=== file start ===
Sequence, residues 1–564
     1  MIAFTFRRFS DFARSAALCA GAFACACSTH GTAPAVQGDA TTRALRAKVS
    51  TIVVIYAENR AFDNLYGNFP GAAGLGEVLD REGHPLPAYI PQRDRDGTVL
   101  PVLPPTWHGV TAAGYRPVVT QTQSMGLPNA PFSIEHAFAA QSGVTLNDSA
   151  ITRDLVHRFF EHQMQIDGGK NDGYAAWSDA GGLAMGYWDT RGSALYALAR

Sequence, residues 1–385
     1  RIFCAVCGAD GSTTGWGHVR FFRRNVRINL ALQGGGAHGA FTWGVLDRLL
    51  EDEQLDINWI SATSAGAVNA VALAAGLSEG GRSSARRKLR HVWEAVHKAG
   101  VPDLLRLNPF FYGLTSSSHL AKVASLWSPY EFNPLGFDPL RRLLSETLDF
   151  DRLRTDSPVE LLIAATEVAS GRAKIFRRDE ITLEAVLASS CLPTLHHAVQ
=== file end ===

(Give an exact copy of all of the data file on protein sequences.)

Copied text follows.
Sequence, residues 1–564
     1  MIAFTFRRFS DFARSAALCA GAFACACSTH GTAPAVQGDA TTRALRAKVS
    51  TIVVIYAENR AFDNLYGNFP GAAGLGEVLD REGHPLPAYI PQRDRDGTVL
   101  PVLPPTWHGV TAAGYRPVVT QTQSMGLPNA PFSIEHAFAA QSGVTLNDSA
   151  ITRDLVHRFF EHQMQIDGGK NDGYAAWSDA GGLAMGYWDT RGSALYALAR

Sequence, residues 1–385
     1  RIFCAVCGAD GSTTGWGHVR FFRRNVRINL ALQGGGAHGA FTWGVLDRLL
    51  EDEQLDINWI SATSAGAVNA VALAAGLSEG GRSSARRKLR HVWEAVHKAG
   101  VPDLLRLNPF FYGLTSSSHL AKVASLWSPY EFNPLGFDPL RRLLSETLDF
   151  DRLRTDSPVE LLIAATEVAS GRAKIFRRDE ITLEAVLASS CLPTLHHAVQ